The United States announced on Friday it would deny visas to members of the International Criminal Court involved in investigating alleged was crmes from USA troops in Afghanistan or in other countries.
Bolton questioned the legitimacy of The Hague-based court, its mission and mandate, warned that the United States would thwart any attempt by its prosecutors to open investigations into Americans for alleged war crimes and other abuses in conflicts in Afghanistan or elsewhere.
In doing so, he made good on an earlier threat by the Trump administration to ban ICC judges and prosecutors from entering the United States and sanction funds they have there if the court launched a probe of war crimes in Afghanistan.
Secretary of State Mike Pompeo by law could not specifically name individuals who will be denied visa entry, but he said other restrictions could be added if the ICC persists in the investigation that began in 2017.
The move, Pompeo confirmed to reporters Friday morning, is a direct response to ongoing efforts by the ICC to probe allegations of war crimes and crimes against humanity tied to the seemingly endless war in Afghanistan.
Friday's actions by the State Department followed a September 2018 threat from National Security Adviser John Bolton that the USA would "use any means necessary to protect our citizens and those of our allies from unjust prosecution by this illegitimate court". Major powers, including the United States, China and Russian Federation, are not members.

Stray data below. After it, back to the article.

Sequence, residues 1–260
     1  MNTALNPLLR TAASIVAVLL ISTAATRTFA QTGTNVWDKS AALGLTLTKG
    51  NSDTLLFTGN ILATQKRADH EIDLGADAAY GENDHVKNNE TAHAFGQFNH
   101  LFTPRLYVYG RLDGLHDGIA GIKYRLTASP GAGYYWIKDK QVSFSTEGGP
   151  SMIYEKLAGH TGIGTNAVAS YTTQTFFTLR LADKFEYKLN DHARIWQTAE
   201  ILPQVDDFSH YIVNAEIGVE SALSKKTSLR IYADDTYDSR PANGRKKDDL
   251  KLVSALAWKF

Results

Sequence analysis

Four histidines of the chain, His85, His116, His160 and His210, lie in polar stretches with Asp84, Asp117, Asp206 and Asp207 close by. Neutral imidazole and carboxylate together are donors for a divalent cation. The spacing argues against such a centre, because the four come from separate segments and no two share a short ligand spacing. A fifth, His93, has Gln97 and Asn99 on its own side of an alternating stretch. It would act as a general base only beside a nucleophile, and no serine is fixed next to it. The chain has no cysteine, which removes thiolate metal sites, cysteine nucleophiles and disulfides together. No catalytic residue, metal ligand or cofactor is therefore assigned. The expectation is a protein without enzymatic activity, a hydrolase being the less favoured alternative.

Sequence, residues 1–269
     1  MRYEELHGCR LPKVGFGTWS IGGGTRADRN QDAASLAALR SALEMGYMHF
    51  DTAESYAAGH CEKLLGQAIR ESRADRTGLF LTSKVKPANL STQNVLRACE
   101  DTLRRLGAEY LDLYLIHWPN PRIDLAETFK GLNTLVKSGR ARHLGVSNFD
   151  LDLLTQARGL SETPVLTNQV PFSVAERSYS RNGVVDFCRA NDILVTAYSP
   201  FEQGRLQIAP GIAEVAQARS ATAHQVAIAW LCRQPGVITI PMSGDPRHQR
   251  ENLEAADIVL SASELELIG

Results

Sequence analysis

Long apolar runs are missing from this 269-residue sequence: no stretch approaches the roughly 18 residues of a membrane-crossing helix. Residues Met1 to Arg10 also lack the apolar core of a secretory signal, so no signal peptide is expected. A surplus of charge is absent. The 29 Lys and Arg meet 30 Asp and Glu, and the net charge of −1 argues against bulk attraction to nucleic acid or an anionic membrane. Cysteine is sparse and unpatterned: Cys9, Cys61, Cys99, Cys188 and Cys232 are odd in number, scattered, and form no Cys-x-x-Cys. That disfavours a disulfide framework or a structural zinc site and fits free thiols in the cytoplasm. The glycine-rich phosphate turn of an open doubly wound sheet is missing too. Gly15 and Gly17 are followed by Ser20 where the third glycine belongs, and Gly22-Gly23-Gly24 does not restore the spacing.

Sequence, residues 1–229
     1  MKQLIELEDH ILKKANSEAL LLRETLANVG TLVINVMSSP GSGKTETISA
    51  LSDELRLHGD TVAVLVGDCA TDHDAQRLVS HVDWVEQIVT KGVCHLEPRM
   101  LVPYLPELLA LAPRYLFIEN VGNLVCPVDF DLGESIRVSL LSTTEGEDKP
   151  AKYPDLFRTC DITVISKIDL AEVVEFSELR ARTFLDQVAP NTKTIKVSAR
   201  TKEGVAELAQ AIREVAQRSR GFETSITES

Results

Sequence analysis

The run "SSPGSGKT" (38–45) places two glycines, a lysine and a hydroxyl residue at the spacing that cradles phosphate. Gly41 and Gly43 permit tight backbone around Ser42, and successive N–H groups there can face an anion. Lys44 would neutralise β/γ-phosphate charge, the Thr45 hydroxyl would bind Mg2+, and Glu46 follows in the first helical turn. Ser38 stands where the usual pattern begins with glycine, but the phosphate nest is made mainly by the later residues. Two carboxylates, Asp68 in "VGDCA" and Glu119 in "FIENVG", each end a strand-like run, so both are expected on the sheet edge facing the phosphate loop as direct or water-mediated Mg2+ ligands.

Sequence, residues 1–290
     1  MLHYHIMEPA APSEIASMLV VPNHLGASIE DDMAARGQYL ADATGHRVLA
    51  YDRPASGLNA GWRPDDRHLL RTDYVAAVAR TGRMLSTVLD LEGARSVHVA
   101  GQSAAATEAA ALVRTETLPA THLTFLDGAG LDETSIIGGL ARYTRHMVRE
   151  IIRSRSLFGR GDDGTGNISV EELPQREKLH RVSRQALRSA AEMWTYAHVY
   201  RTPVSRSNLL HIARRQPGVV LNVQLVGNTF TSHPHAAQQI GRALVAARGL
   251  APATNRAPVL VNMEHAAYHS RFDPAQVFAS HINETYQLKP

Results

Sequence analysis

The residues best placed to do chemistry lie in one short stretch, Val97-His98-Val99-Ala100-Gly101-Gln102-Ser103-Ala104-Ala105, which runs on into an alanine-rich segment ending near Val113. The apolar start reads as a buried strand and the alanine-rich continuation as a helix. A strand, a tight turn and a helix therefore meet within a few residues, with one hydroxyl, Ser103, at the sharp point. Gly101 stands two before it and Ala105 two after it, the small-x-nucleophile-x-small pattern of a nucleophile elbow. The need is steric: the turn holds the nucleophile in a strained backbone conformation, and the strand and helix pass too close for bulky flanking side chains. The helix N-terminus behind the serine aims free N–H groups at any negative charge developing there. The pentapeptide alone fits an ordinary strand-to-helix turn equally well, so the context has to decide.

The court, which sits in The Hague, has already responded that it was an independent and impartial institution and would continue to do its work "undeterred" by Washington's actions.
"The United States will use any means necessary to protect our citizens and those of our allies from unjust prosecution by this illegitimate court", Bolton said. "We're prepared to take additional steps, including economic sanctions, if the ICC does not change its course".
A State Department official said the United States would allow court officials to travel for meetings to the United Nations headquarters in NY. Pompeo said Friday that more measures may come.
The International Criminal Court is supported by 123 nations, including Switzerland.
"The court is an independent and impartial judicial institution crucial for ensuring accountability for the gravest crimes under worldwide law", the statement said.
The American Civil Liberties Union, which represents three people before the ICC who say they were tortured in Afghanistan, called the decision "misguided and dangerous" and "an unprecedented attempt to skirt worldwide accountability for well-documented war crimes that haunt our clients to this day".
Supporters of the court slammed Pompeo's announcement on Friday.
A director at Human Rights Watch, Andrea Prasow, described the announcement as a "thuggish attempt to penalize investigators" at the court. "Taking action against those who work for the ICC sends a clear message to torturers and murderers alike: Their crimes may continue unchecked".
It said that all states were obliged to prosecute and punish the most serious crimes.
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